One in 13 kids has a food allergy, and 40% of children with food allergies are allergic to more than one of the greater than 170 foods known to cause allergic reactions. Two in five children with food allergies have suffered a severe reaction. How can you tell if your child is having an allergic reaction to food, and what can you do to help them?
At First Pediatric Care Center, located in Gastonia, North Carolina, Dr. Margaret Lubega is a food allergy specialist who can diagnose your child’s food allergies and provide help in managing symptoms and reducing risk.
Common foods that can cause an allergic reaction
While many different foods can cause allergic reactions, certain food groups are known for being the most common triggers.
- fish and shellfish (such as shrimp and lobster)
- peanuts and tree nuts (including walnuts, almonds, cashews, and pistachios)
- cow's milk
Some fruits and vegetables can also cause severe allergic reactions. Strawberries can be a threat, as can cherries or grapes (all members of the Rosaceae family of fruits.)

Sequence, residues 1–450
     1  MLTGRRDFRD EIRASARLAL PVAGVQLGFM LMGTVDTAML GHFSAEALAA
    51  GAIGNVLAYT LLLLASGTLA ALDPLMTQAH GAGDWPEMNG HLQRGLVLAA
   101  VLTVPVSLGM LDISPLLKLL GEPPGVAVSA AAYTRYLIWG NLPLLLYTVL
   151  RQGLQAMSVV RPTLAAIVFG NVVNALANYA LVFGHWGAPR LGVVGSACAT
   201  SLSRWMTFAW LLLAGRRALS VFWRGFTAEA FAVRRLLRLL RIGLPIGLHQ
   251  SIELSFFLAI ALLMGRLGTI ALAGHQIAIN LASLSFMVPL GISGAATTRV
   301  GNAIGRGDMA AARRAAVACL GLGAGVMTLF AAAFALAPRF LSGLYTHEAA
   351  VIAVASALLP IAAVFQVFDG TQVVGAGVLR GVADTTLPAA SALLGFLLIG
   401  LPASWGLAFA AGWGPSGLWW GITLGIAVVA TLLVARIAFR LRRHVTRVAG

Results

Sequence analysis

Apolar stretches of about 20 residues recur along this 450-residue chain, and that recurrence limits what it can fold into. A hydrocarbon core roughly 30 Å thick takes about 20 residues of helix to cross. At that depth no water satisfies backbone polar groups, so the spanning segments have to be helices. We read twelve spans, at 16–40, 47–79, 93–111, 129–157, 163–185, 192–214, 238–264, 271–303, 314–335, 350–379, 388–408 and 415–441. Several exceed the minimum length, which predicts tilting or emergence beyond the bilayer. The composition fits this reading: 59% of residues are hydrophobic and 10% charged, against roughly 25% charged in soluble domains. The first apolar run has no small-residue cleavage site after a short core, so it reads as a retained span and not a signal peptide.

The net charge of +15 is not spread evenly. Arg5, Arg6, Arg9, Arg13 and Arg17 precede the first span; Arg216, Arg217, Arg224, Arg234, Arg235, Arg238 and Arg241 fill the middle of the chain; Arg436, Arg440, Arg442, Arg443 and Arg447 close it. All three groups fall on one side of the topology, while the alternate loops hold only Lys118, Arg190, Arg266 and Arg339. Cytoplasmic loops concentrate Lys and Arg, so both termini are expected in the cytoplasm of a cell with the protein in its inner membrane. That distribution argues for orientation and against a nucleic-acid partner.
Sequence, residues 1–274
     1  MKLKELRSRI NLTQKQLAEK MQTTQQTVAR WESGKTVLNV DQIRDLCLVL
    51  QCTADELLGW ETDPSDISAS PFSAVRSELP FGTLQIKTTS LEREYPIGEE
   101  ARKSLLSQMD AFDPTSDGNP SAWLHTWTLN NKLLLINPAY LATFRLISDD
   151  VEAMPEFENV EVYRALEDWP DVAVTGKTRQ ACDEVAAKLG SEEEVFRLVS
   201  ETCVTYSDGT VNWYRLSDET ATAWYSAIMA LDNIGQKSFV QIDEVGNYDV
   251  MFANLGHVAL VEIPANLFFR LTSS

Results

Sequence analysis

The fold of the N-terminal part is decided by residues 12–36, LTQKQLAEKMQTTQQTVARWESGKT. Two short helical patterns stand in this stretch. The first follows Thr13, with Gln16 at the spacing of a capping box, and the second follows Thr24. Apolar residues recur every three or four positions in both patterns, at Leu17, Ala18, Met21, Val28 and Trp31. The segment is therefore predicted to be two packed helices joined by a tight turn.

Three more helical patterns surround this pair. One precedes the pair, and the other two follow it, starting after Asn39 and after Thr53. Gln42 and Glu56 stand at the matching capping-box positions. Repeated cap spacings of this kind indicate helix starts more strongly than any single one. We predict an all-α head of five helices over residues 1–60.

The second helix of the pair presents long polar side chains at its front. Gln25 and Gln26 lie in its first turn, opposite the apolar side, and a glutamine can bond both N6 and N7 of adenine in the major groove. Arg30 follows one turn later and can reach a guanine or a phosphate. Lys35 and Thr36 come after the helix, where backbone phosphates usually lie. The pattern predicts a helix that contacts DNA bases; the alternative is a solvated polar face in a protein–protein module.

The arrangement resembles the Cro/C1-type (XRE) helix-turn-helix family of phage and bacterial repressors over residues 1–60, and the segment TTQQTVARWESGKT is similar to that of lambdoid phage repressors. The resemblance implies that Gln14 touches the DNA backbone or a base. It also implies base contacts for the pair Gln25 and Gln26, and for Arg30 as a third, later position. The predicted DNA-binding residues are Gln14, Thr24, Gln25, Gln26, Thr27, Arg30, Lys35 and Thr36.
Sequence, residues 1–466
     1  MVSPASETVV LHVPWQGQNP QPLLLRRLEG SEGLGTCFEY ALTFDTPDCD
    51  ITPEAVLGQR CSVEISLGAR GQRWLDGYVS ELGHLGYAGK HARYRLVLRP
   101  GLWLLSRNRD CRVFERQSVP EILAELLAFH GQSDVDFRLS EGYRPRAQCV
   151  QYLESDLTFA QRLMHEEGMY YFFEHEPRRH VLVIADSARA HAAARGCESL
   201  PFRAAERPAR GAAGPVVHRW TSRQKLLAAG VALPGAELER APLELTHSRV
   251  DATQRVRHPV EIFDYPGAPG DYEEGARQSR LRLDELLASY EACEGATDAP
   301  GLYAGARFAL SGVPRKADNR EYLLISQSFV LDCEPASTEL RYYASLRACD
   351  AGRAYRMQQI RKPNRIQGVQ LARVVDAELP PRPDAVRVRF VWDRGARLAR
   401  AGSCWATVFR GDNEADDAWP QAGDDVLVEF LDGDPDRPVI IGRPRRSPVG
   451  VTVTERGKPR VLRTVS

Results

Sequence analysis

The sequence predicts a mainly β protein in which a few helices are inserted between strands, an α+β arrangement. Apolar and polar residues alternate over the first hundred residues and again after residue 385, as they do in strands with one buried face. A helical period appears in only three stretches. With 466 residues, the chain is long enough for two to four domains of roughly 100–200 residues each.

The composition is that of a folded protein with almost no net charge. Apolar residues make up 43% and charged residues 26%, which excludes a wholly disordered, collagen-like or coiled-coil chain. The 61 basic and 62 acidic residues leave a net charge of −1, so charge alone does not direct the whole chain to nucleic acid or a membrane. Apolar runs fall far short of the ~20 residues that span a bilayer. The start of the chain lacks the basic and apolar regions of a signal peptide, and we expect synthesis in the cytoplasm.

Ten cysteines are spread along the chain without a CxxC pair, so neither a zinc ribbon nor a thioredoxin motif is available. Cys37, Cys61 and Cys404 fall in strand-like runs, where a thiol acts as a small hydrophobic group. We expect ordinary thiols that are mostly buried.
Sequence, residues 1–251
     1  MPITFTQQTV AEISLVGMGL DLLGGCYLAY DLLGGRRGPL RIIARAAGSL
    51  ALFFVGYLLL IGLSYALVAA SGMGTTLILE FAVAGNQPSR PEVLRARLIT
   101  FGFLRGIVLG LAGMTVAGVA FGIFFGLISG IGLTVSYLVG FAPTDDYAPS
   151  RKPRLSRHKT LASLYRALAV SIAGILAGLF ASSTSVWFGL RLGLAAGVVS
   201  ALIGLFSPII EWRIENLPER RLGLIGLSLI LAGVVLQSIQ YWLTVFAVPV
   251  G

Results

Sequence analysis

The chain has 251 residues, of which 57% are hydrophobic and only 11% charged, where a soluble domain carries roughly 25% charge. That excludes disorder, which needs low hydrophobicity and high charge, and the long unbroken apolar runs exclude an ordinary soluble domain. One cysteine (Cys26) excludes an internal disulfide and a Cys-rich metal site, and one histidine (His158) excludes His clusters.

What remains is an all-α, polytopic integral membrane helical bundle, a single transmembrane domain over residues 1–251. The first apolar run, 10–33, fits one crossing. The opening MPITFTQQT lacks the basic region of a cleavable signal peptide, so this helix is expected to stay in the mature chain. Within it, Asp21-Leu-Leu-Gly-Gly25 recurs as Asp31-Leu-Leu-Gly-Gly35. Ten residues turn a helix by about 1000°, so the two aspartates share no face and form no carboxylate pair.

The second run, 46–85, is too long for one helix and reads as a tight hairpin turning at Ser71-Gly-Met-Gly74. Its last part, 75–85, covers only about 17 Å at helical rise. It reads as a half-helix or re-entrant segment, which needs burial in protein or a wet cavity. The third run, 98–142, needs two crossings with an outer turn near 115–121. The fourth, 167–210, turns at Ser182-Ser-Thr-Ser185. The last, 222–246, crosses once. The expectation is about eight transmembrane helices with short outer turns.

Warning signs of a food allergy
The best way to stay on top of potential food allergies is to introduce only one new food at a time when your child is small, and watch them closely for any sort of reaction. The most common warning signs of a food allergy include:
- Itching or tingling in the mouth (your child may stick their tongue out and swipe at it)
- Hives, itching, or eczema (these usually show up on the face and torso first)
- Swelling of the face, lips, tongue, or throat (watch closely for puffy lips as an early warning sign)
- Sudden nasal congestion, wheezing, or trouble breathing (this could be the start of anaphylaxis)
- Abdominal pain, diarrhea, nausea, or vomiting (also signs of food poisoning)
- Dizziness, lightheadedness, or loss of consciousness (take immediate action and go to an ER)
Diagnosing food allergies
Dr. Lubega can conduct allergy testing to help you figure out which foods are most likely to trigger a reaction in your child; she can also provide you with guidance on how to protect them against a potentially dangerous reaction. You may need to acquire an EpiPen® and learn how to use it. You will also need to remain vigilant as your child grows. While they may outgrow some of their food allergies as their body changes, they can become allergic to new foods over time.
If you think your child has one or more food allergies, contact our office at 704-296-8631 or schedule an appointment online with our booking tool.